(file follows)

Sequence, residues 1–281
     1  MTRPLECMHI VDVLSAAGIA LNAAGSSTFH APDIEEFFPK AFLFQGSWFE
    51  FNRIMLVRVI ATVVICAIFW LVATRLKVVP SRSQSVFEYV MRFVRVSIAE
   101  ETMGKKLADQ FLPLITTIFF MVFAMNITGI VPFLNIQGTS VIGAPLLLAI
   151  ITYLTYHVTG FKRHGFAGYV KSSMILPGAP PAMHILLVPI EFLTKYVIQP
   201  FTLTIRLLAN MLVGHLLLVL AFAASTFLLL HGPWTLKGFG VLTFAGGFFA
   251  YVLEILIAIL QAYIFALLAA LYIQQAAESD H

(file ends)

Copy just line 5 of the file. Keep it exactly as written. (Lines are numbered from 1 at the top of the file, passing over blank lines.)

   151  ITYLTYHVTG FKRHGFAGYV KSSMILPGAP PAMHILLVPI EFLTKYVIQP